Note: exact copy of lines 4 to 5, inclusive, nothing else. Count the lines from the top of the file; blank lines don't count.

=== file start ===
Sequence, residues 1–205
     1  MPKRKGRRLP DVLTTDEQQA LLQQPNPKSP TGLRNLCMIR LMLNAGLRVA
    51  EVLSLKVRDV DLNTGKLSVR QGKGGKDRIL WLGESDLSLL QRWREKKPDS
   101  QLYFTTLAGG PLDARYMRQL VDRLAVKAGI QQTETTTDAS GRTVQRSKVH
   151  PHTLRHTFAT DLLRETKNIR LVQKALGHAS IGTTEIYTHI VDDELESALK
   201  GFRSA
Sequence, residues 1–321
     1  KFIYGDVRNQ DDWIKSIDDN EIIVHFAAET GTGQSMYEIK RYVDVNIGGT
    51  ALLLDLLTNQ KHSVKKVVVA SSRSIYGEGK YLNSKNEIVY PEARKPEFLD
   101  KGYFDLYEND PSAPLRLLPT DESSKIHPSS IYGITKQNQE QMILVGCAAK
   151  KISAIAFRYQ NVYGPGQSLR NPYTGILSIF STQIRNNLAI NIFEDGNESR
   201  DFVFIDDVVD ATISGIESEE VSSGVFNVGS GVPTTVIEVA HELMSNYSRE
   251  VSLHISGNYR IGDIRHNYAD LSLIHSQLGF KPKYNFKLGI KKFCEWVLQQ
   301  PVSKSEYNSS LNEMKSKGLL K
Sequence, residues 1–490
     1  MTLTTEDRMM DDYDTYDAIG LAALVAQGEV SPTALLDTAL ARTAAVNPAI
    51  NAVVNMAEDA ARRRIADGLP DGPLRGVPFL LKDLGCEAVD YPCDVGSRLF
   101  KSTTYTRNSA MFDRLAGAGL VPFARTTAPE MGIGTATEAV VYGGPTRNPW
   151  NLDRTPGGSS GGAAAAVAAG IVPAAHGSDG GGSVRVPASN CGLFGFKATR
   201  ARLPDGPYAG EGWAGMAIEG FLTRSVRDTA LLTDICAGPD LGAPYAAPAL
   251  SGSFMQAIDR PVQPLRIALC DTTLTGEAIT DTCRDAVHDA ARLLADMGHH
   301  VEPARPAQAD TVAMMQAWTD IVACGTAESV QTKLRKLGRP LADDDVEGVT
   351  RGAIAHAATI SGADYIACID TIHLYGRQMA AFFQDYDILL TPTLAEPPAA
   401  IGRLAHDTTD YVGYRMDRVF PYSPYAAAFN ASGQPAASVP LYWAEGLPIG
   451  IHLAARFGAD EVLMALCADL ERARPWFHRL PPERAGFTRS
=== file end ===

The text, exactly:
   101  QLYFTTLAGG PLDARYMRQL VDRLAVKAGI QQTETTTDAS GRTVQRSKVH
   151  PHTLRHTFAT DLLRETKNIR LVQKALGHAS IGTTEIYTHI VDDELESALK